St. Andrews (Special to Informed Comment) – The government of the Islamic Republic of Iran is often depicted by its enemies and their press (the United States, Saudi Arabia and Israel in particular) as an ideological and sectarian Shiite state, drunk on fundamentalism. Religious fundamentalism, however, is a key part of the politics of these critics of Iran, as well. Contrary to this image, Iran’s government has often adopted pragmatic policies that are the opposite of sectarian. This pragmatism can be seen in its treatment of the Sunni population of eastern Iran, where the Islamic Republic does not impose anti-Sunni policies. The opposite. Tehran’s objective is to “pacify” Sunnis by showering them with “love”: tangible and intangible benefits. Since my archival and field research focused on Khurasan, my comments are confined to the east. Iran’s policies toward Iranian Sunnis of the Persian Gulf, and Iran’s Arab and Kurdish west, still need more research.
I carried out my research on the educational and charitable shrine-complex of the great Sufi saint Ahmad-i Jam (d. 1141 AD) at Turbat-i Jam. The fruit of this research is my new book,
The Sufi Saint of Jam: History, Religion, and Politics of a Sunni Shrine in Shiʿi Iran. (Cambridge University Press, 2021). Click here .
The question I asked myself when I first visited Jam is “why has this shrine survived while other Sufi shrines in the Islamic world have gone to ruin?” I have visited numerous Islamic institutions (viz., mausolea and mosques) from India to Morocco that had been popular and prominent in pre-modern times; many had since slid into disrepair. Saint cults and Sufi praxis had withered or evaporated. For example, the tomb of Naqshbandi shaykh, Abu Nasr Parsa (Balkh), and shrine of the Hanbali Shaykh al-Islam of Herat, ʿAbdallah Ansari, were in ruins (both have since been renovated by Aga Khan charities). Ahmad-i Jam’s shrine was in poor shape as reflected in photographs taken in 1934 by Robert Byron (Road to Oxiana); and 1977 by the eminent archaeologist, Warwick Ball. Yet at Turbat-i Jam stands an indubitably Sunni shrine in a Sunni-majority city. Shrine-complex, saint/relic cult, and Jami mystical (Sufi) community were prospering in Shiʿi-majority Iran.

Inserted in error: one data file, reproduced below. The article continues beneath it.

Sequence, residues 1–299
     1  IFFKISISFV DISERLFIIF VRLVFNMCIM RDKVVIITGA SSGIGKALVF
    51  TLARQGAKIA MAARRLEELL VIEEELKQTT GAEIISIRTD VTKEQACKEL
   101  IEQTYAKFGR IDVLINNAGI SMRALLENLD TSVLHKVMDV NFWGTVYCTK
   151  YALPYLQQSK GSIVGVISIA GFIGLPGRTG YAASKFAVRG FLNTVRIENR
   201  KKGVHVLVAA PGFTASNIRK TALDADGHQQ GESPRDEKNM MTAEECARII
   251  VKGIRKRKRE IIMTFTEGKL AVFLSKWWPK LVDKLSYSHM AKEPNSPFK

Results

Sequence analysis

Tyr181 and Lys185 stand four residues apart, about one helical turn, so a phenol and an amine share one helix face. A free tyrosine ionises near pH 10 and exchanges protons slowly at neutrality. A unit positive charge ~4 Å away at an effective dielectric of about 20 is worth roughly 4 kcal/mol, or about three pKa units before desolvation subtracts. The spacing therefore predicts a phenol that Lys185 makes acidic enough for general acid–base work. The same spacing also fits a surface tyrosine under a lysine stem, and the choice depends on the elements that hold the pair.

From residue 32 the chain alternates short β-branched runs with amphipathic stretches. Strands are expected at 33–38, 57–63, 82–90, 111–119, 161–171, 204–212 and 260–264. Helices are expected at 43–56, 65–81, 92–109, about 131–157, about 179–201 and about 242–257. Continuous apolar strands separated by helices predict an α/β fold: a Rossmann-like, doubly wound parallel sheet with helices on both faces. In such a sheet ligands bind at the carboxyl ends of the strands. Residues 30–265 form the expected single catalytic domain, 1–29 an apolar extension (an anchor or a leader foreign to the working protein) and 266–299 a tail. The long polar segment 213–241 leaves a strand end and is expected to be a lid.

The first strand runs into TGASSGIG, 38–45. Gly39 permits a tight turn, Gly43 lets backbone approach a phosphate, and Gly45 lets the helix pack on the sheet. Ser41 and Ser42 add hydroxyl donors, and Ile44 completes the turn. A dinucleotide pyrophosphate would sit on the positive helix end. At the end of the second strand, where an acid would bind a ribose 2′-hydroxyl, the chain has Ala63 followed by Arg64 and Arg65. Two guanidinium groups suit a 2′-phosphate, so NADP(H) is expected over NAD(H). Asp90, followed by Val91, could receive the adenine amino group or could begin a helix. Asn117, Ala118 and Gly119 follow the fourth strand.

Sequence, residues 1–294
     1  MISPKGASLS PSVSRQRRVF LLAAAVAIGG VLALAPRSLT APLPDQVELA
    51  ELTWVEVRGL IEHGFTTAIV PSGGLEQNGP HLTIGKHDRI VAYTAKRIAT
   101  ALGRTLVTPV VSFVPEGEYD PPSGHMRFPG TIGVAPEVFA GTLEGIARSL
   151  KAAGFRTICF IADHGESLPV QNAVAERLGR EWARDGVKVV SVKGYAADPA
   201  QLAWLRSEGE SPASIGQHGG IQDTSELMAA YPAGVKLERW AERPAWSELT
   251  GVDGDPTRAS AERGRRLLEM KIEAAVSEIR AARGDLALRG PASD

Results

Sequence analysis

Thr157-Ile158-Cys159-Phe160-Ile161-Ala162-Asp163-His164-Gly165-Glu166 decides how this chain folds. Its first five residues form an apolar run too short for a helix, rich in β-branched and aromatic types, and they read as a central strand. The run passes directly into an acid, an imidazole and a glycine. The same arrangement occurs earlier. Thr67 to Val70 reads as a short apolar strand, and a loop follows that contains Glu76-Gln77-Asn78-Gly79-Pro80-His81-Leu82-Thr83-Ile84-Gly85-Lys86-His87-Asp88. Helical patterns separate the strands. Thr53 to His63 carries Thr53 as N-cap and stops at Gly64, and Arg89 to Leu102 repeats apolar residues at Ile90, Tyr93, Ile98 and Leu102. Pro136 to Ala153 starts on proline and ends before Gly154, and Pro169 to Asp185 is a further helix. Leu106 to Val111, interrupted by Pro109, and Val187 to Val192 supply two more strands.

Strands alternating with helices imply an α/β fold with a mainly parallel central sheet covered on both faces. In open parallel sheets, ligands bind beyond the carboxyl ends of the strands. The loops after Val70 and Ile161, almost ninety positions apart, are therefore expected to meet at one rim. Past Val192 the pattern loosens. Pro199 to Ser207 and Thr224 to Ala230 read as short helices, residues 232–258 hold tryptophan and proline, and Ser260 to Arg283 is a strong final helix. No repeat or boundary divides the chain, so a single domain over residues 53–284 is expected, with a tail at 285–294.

The saint’s tumulus is located before the arch (iwan) and shaded by a pistachio tree. Photo © 2021 Shivan Mahendrarajah.
Ahmad-i Jam’s shrine burgeoned from a hospice (khanaqah) teaching the Islamic Sciences (ʿulum al-din), to a sprawling complex of spiritual, sepulchral, and educational buildings: colleges, hospices, mosques, domes, museum, library, offices, and gardens. The architectural ensemble reflects diverse designs, from the Mongol age to the modern. The shrine’s eclectic architectural ensemble was refurbished under the aegis of Iran’s Cultural Heritage Organization (Sazman-i miras-i farhangi). The shrine has two thriving seminaries (hawza, madrasa), one for males and one for females.
How does Ahmad-i Jam’s refurbished shrine-complex reflect on the proffer above, the alleged sectarianism of the Shiʿi regime?